WASHINGTON — The Senate easily passed an almost $60 billion war funding bill Thursday, but anxiety over out-of-control budget deficits led House leaders to drop tens of billions of dollars in spending from a separate catchall bill anchored by an extension of jobless benefits.
Confronted with a rebellion by Democratic moderates, House leaders planned to dump overboard $24 billion in aid to states and allow generous health insurance subsidies for laid-off workers to expire. The changes were an effort to round up votes to extend unemployment benefits and renew more than 50 popular tax breaks that expired last year.
Help for doctors facing a big cut in Medicare reimbursements would also be dropped from the measure, aides and lobbyists said, and is unlikely to be resurrected by a vote on Friday.
Democrats will miss their self-imposed deadline of passing the jobless benefits measure before Memorial Day, even if the House passes the bill Friday. The Senate announced Thursday that it will not hold any more votes until senators return from their holiday break June 7.
The steps by House leaders could reduce the deficit impact of the bill to as little as $30 billion or so in hopes of winning over moderate "Blue Dog" Democrats unhappy about adding to the deficit as the national debt is on the verge of topping $13 trillion. A version circulated last week would have added $134 billion to the deficit.
One Blue Dog, Rep. Henry Cuellar, D-Texas, said he would probably vote for a slimmed down version of the bill.
"The bigness issue and the deficit issue has been addressed," Cuellar said.
Across the Capitol, Senate Democrats had far better success in advancing the war funding bill, which would pay for President Barack Obama's 30,000 troop increase in Afghanistan.
A dozen Republicans, including GOP leader Mitch McConnell of Kentucky, joined Democrats in a 67-28 vote to pass the bill. Two anti-war Democrats, Sens. Ron Wyden of Oregon and Russ Feingold of Wisconsin, opposed it.
The war funding bill also includes $5 billion to replenish disaster aid accounts, and there's money for Haitian earthquake relief and aid to U.S. allies in the fight against terror.
The war funding measure has been kept relatively clean of add-ons that could draw GOP opposition – to the frustration of liberal Democrats such as Sen. Tom Harkin of Iowa, the top Senate sponsor of a $23 billion plan to help school districts avoid teacher layoffs as local revenues remain weak. Facing sure defeat, Harkin declined to offer the plan to the war funding bill.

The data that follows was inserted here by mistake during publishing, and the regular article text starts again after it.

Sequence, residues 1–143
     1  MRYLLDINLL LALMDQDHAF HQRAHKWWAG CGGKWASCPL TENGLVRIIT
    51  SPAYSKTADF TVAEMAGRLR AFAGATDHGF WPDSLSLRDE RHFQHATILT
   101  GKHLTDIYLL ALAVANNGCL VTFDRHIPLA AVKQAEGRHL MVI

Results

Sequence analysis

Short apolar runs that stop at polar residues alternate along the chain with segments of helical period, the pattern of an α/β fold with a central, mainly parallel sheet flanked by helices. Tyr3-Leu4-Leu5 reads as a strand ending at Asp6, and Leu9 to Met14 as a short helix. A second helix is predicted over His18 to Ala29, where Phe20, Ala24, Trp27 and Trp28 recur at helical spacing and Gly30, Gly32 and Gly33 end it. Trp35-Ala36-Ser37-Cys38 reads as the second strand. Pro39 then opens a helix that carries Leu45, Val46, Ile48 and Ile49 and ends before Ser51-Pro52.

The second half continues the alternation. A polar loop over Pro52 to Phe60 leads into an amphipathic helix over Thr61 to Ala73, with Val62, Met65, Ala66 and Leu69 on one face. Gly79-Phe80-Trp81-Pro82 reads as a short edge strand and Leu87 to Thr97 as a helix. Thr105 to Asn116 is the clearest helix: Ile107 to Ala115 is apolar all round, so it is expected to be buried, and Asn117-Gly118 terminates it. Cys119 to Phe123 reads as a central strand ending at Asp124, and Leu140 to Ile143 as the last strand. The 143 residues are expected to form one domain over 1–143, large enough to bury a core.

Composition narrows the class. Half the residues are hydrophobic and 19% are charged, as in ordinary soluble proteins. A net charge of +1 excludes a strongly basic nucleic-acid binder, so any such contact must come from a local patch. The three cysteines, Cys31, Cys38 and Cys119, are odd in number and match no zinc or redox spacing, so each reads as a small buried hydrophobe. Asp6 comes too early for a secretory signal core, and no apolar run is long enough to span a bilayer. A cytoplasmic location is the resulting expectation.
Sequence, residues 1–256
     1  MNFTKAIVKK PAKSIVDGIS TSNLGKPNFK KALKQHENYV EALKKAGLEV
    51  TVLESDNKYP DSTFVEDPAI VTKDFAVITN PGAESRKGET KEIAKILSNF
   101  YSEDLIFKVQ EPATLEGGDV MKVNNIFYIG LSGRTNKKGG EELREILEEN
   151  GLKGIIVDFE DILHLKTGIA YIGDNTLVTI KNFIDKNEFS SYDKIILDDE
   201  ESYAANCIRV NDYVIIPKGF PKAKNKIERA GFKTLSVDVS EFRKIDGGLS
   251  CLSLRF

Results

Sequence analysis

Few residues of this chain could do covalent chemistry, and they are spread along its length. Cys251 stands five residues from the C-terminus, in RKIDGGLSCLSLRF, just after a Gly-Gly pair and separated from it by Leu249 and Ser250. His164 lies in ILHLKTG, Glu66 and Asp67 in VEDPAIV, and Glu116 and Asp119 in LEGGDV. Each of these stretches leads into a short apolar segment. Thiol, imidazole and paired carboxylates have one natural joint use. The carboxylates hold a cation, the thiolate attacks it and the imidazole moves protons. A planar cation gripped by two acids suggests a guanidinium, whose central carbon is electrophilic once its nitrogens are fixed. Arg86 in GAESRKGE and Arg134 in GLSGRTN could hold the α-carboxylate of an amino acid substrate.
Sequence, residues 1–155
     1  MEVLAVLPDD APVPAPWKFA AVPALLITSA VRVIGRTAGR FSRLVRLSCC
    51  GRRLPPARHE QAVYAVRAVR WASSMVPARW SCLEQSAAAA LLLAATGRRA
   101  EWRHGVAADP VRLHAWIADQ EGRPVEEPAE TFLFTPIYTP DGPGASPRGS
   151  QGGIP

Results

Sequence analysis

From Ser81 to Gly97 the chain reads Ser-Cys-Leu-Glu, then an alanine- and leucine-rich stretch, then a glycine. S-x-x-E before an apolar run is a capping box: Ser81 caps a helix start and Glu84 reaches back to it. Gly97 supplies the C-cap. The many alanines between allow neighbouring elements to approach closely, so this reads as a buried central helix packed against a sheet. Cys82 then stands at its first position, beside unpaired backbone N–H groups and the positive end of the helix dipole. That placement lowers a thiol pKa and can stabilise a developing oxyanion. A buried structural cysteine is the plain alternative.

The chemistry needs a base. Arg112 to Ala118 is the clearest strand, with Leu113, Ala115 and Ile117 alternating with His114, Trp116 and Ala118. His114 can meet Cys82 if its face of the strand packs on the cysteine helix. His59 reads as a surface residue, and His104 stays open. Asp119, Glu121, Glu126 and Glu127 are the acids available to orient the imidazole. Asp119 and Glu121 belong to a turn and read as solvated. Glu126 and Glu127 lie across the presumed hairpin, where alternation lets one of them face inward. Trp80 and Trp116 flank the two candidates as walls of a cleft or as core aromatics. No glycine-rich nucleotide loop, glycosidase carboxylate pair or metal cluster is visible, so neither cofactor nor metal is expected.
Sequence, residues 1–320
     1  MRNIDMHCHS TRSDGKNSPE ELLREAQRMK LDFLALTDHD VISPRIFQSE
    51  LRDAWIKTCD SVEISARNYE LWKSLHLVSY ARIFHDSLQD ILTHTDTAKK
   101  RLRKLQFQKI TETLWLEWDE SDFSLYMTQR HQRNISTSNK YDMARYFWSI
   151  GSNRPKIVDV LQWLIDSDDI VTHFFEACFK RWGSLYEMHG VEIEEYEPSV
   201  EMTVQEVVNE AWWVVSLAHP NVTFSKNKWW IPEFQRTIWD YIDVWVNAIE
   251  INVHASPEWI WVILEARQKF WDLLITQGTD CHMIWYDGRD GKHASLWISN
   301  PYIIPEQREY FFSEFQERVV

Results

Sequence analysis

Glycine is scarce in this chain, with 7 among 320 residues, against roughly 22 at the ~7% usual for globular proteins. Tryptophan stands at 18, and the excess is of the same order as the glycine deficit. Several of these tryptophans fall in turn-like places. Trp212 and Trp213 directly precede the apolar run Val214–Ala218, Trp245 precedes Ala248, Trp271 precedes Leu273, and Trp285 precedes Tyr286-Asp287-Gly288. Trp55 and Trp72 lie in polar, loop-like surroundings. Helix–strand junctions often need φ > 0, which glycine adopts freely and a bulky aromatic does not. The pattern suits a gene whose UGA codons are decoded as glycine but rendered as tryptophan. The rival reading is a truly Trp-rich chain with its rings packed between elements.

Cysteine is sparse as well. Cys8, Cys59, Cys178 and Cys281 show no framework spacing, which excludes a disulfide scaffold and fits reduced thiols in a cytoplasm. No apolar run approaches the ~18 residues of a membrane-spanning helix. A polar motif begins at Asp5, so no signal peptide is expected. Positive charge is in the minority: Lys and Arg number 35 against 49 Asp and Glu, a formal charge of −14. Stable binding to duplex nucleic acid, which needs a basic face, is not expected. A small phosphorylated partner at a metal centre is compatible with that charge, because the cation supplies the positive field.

Thousands of people are set to begin losing jobless benefits when an extension of unemployment insurance expires next week. A 65 percent subsidy for health insurance benefits for the unemployed under the COBRA program also expires.
The benefits extensions are part of a sweeping package of unfinished business that lawmakers had hope to complete before their Memorial Day recess to avoid the embarrassment of letting them lapse before going on vacation. Efforts to pass short-term extensions to buy time were doomed to fail since they would require the agreement of all 100 senators.
Democratic leaders cut the package of spending and tax cuts Wednesday by about $50 billion – to $143 billion – in an attempt to pick up votes. Thursday's moves could whack more than $50 billion more from the measure.
It's a tough vote for lawmakers who want to help constituents hit hard by the recession but are wary of being labeled big spenders. The economy is starting to pick up, but unemployment is still high as the nation continues to struggle from the loss of more than 8 million jobs. At the same time, angst over deficit spending is growing as midterm congressional elections near in November.
Senate Majority Leader Harry Reid, D-Nev., said that the Senate would not vote on the House tax and spending measure and announced the Senate would shortly adjourn for the Memorial Day recess.
The expanded jobless benefits provide up to 99 weeks of payments in many states, at a cost of nearly $40 billion. The benefits are part of a bill that includes a one-year extension of about 50 popular tax breaks that expired at the end of last year and a delay in scheduled cuts in Medicare payments to doctors.
It was looking grim Thursday night for a proposal to delay the scheduled 21 percent cut in payments until 2012, which would cost nearly $22 billion. The plan was to be dropped from the bill, and a separate vote on putting it back was thought likely to fail.
The cost of the bill would be partially offset by tax increases on investment fund managers, oil companies and some international businesses. The tax increases total about $57 billion over the next decade. Changes giving underfunded pensions more time to improve their finances would raise $2 billion.
Also in the House, Appropriations Committee Chairman David Obey, D-Wis., called off a vote on a far larger version of the war funding bill that added the $23 billion to help school districts avoid teacher layoffs, along with $6 billion to make up for a funding shortfall in grants for low-income college students. An Obey spokesman blamed the busy floor schedule and ongoing uncertainty over the jobless benefits bill. Appropriations panel Republicans had vowed to offer a raft of politically painful amendments.